On Friday, Russia’s military deployed a new intercontinental weapon, the Avangard hypersonic missile system that can fly 27 times the speed of sound. This will be the Russian military’s first Avangard hypersonic intercontinental ballistic missile (ICBM). Russian President Vladimir Putin has said that the Avangard hypersonic glide vehicle is a technological vehicle comparable to the 1957 Soviet launch of the first satellite.
Last month, Russia’s Defense Ministry demonstrated the Avangard system to a team of US officials as part of transparency measures under the New Start nuclear arms treaty with the country.
What is the Avangard hypersonic missile?
Previously referred to as Project 4202, the Avangard hypersonic missile system is a reentry body carried atop an existing ballistic missile, which has the capability to manoeuvre. It’s manoeuvring capability makes it difficult to predict its trajectory and gives it the ability to protect itself from the air and ballistic missile defences by delivering nuclear warheads to targets, for instance, in Europe and the US.
According to Missile Threat, the origins of the Avangard can be traced back to the mid-1980s, when Russia first started research on hypersonic warheads. It notes that in past Russia has repeatedly stated that it is developing hypersonic weapons to ensure that Russian strategic forces can penetrate future US air and missile defences.
The Avangard missiles have a range of over 6,000 km, weigh approximately 2,000 kg and can withstand temperatures of over 2000 degree celsius.
What does this mean for the US?
According to The Moscow Times, Putin has previously said that the nuclear-weapon will be launched by late 2019 and has touted the Avangard’s ability to evade the US missile defence systems.
Putin had mentioned the development of the Avangard ICBM along with a few other systems during his annual State of the Nation address to the Federal Assembly in March 2018. In that speech, a report prepared by the Congressional Research Service (CSR) notes that Putin “explicitly linked” the development of Russia’s strategic weapons to the US withdrawal from the Anti-Ballistic Missile Treaty (ABM) in 2002. CSR has quoted Putin as saying, “… the US is permitting constant, uncontrolled growth of the number of anti-ballistic missiles, improving their quality, and creating new missile launching areas. If we do not do something, eventually this will result in the complete devaluation of Russia’s nuclear potential. Meaning that all of our missiles could simply be intercepted.” In his speech, Putin also claimed that the missiles can travel at a speed of 6.28 km per second.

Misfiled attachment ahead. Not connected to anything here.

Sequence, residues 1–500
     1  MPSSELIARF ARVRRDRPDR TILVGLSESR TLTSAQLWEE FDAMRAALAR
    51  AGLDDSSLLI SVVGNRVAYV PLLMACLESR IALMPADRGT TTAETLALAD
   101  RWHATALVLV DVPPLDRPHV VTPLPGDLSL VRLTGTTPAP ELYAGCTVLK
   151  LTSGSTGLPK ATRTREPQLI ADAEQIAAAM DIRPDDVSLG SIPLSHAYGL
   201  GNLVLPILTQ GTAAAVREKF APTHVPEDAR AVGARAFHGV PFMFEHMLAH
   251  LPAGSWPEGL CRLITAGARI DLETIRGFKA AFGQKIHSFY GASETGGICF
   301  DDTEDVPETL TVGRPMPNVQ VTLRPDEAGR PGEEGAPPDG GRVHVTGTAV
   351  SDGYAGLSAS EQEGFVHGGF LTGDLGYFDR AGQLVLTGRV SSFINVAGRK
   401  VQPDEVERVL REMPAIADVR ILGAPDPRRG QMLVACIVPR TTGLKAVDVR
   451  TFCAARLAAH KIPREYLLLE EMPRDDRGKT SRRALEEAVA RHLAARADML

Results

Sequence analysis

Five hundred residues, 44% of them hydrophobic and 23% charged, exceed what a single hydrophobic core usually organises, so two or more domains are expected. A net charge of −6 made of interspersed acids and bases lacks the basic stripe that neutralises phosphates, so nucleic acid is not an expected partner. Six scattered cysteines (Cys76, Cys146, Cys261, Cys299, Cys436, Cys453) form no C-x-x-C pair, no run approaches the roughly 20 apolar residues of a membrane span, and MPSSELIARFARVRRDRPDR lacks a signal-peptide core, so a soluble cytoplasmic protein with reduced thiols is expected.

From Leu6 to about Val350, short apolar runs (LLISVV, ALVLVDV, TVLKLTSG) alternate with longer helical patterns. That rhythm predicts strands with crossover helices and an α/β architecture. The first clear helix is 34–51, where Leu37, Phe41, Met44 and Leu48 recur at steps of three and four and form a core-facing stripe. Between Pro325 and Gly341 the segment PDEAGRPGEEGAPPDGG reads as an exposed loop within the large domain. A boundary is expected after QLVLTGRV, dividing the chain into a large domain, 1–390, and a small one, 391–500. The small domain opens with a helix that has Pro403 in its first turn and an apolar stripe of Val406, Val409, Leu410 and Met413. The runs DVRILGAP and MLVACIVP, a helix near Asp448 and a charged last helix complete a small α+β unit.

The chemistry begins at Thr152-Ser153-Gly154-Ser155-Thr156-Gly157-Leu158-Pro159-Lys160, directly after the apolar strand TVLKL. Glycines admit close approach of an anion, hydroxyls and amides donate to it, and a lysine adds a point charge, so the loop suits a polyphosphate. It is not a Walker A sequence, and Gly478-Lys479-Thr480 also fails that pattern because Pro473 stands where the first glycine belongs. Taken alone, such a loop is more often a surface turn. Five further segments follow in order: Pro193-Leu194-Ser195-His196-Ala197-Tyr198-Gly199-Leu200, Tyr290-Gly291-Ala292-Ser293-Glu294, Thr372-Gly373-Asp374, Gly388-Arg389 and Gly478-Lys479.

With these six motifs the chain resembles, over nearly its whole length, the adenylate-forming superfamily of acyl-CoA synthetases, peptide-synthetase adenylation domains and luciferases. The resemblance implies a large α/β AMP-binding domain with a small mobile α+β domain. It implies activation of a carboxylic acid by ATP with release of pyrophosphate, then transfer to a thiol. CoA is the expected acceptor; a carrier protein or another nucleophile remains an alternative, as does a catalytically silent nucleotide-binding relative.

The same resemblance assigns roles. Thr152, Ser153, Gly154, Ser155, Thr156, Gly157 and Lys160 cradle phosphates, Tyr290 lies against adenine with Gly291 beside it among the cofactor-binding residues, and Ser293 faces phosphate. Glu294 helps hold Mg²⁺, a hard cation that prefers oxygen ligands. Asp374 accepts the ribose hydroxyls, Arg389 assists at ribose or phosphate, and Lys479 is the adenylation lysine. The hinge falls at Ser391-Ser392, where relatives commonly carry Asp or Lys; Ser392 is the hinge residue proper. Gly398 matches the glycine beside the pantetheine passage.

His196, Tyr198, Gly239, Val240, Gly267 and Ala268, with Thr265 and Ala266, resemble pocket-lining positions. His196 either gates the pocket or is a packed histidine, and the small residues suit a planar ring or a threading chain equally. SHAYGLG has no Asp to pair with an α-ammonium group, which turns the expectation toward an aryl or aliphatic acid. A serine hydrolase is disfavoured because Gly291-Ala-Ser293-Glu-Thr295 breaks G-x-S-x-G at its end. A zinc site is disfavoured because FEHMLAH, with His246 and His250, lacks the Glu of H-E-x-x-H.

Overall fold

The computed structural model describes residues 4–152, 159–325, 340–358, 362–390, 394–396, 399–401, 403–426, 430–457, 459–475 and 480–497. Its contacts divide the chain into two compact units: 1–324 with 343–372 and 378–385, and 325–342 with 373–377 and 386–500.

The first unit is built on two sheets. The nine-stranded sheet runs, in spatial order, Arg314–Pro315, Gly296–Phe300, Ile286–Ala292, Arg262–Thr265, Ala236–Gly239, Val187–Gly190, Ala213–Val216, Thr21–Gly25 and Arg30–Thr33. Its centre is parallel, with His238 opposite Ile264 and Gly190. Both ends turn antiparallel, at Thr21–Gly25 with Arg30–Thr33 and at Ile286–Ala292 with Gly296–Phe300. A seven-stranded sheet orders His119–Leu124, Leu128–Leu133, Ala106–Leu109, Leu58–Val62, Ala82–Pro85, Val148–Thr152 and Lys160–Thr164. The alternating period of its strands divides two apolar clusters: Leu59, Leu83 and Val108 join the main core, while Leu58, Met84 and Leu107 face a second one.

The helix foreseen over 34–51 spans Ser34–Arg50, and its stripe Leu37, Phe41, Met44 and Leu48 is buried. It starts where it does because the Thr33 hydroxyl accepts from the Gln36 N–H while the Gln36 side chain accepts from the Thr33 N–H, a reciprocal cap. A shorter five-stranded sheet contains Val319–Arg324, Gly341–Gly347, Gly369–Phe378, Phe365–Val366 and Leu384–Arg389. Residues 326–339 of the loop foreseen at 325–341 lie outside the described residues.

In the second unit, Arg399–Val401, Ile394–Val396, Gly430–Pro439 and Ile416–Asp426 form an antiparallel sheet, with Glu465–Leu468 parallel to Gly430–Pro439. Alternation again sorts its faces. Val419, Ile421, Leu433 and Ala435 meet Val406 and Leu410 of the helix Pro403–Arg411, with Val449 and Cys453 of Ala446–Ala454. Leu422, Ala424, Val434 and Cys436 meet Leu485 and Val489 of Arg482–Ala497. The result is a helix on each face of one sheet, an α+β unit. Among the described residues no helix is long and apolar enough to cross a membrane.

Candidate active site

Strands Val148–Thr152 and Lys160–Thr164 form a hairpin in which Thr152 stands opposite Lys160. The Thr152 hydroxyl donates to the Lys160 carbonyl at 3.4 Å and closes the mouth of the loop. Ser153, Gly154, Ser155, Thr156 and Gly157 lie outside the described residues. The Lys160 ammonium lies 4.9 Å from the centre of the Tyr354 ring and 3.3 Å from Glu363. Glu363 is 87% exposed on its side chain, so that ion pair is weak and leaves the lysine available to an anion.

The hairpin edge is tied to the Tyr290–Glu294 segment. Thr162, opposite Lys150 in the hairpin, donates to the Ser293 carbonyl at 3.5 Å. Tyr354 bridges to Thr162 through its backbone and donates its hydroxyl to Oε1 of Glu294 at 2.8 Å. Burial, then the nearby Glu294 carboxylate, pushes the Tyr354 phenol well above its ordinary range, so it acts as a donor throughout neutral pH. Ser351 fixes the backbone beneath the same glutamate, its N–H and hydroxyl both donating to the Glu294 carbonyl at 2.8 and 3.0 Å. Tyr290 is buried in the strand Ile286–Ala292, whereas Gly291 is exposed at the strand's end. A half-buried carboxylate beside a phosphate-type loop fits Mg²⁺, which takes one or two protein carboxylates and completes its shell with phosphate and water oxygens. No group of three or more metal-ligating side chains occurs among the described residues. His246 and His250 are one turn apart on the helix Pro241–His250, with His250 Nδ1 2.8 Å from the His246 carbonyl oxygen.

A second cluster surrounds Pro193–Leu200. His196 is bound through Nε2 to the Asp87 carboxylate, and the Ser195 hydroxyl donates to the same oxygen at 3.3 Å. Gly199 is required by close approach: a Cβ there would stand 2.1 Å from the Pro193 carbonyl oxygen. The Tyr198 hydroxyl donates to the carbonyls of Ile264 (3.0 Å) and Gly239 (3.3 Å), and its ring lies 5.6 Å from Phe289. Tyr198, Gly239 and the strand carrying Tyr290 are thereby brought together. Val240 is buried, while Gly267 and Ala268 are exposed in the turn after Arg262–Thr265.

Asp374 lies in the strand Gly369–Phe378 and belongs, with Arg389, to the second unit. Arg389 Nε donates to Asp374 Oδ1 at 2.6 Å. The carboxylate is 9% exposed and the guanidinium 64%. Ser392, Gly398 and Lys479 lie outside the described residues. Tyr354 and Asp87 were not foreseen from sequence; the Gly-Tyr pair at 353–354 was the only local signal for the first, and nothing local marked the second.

Significantly, the report claims that the US has not developed or deployed ballistic missile defence systems, which are required to intercept Russia’s strategic ballistic missiles and warheads. It adds, “Hence, although the United States cannot defend against the existing warheads on Russian ballistic missiles, Russia has emphasised that Avangard poses a new challenge to the United States because missile defences cannot intercept a manoeuvring hypersonic glide vehicle.”
Citing analysts and observers, the report says Avangard’s development and deployment will not change the existing balance between the US defensive forces and the Russian offensive since the US maintains that it cannot defend against the existing warheads on Russian missiles, let alone the more advanced missiles such as Avangard.